Still, those familiar with the White House mindset say the president’s advisers believe they can persuade senators like Elizabeth Warren, D-Mass., who previously credited Barr’s work in writing Dodd-Frank and founding the CFPB applauded.
Later Friday, Warren resolved that guesswork with a confirmation of the president’s election.
“The Fed’s Vice Chairman for Oversight is a vitally important financial regulator with the responsibility to hold the largest banks to account and prevent the next financial crisis,” Warren wrote in a post on Twitter.
“During the Obama administration, Michael Barr was a key force in the creation of the Consumer Financial Protection Bureau, and I intend to support President Biden’s nominee for this important role at the Fed,” she added.
Moderate Democrats, such as Ohio Senator Sherrod Brown, who chairs the Senate Banking Committee, are seen as a more reliable pillar of support for veterans of the Obama and Clinton administrations.
Sen. Sherrod Brown (D-Ohio), left, speaks with Sen. Elizabeth Warren (D-Mass.), during a Senate session on Banking, Housing and Urban Affairs in Washington, DC.
Andreas Harnik | The Washington Post | Getty Images
A Republican adviser told CNBC that Barr would likely receive many no votes from their ranks based on his work, which many in the GOP would draft as overly onerous financial regulations.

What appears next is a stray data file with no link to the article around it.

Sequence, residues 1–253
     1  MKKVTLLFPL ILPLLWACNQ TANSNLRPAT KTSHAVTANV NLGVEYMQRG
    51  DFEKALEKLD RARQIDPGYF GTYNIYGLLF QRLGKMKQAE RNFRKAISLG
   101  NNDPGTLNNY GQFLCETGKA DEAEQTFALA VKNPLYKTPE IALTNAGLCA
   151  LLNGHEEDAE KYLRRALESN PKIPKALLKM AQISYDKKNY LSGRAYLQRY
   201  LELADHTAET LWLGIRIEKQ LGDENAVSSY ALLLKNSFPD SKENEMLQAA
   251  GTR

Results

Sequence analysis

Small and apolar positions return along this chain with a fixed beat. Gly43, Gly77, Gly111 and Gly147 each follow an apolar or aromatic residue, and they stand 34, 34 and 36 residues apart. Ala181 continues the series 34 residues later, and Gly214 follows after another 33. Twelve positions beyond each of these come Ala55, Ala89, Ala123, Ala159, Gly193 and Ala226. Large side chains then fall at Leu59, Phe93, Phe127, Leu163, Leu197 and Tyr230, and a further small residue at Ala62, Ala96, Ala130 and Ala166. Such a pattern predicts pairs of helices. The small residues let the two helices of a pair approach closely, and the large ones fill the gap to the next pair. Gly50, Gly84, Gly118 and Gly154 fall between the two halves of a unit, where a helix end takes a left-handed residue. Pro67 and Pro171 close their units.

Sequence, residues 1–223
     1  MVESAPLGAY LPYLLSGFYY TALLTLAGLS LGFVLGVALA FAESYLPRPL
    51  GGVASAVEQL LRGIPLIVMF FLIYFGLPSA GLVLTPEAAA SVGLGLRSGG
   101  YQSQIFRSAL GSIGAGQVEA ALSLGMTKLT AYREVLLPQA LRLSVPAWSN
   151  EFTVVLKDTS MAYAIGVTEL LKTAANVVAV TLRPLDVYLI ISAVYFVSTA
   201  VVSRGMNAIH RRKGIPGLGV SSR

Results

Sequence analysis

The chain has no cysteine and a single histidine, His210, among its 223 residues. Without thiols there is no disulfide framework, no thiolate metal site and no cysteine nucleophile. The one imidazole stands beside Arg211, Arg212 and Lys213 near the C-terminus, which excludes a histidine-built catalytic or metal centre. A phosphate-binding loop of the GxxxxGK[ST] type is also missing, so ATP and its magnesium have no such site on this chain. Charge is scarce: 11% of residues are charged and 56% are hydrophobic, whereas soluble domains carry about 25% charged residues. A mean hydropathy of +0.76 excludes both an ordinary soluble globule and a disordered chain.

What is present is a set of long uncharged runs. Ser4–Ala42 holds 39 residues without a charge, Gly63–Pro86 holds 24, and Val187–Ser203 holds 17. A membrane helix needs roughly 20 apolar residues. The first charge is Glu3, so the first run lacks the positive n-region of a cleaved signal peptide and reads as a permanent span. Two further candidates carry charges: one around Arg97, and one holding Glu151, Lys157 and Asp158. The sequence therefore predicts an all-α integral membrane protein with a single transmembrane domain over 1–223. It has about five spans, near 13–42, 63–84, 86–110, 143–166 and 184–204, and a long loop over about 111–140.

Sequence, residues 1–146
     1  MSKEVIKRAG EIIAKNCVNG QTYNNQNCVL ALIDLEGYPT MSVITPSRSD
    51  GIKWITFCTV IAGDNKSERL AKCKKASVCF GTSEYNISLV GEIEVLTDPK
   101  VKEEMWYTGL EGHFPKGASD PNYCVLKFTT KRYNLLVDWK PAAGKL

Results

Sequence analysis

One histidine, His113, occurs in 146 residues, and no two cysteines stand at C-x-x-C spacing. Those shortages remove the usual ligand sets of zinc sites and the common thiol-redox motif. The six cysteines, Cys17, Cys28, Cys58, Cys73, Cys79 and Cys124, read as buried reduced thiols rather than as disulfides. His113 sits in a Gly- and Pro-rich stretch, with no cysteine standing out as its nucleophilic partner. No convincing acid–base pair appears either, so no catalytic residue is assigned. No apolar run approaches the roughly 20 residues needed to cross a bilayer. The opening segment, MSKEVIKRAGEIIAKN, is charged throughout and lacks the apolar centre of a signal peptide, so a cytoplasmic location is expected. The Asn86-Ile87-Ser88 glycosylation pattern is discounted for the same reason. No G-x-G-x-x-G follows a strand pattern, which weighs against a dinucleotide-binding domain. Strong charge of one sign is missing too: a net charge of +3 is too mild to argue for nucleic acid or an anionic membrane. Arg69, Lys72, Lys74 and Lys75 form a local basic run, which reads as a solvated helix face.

If Barr is confirmed for the Fed post, he would be tasked with overseeing the country’s largest banks, including JPMorgan Chase, Bank of America and Citigroup. The Vice-Chairman for Oversight oversees the safety of the country’s largest lenders, checking whether they meet capital requirements, assessing risks and subjecting banks to regular stress tests.
Barr would also be a major voice in monetary policy as one of seven members of the Fed’s Board of Governors who vote at every central bank meeting.
The Fed began a series of rate hikes last month, which are expected to be a series of rate hikes to cool stubborn inflation. The Labor Department reported Tuesday that the prices Americans pay rose 8.5% in the 12 months to March, the fastest pace since 1981.
But imposing higher borrowing costs on the US economy is a tricky task at the best of times.
Economists, including Treasury Secretary and former Fed Chair Janet Yellen, say the Fed must be careful not to backtrack on its easy money policy too quickly or risk US GDP growth amid ongoing supply chain constraints and the Russia-Ukraine war in Europe.
“You have a double mandate. They will try to maintain strong job markets while bringing inflation down,” Yellen said of the Fed on Wednesday. “And that has been done in the past. It’s not an impossible combination, but it does require skill and a lot of luck too.”
With the exception of Barr, the White House has four nominees for the Fed before the Senate – Jerome Powell, Lael Brainard, Lisa Cook and Philip Jefferson.
Barr is the current dean of the University of Michigan’s Public Policy School, a post he accepted after working for the Obama administration. During the Clinton administration, he served as Special Assistant to Treasury Secretary Robert Rubin, Deputy Assistant Treasury Secretary, and Special Advisor to President Bill Clinton.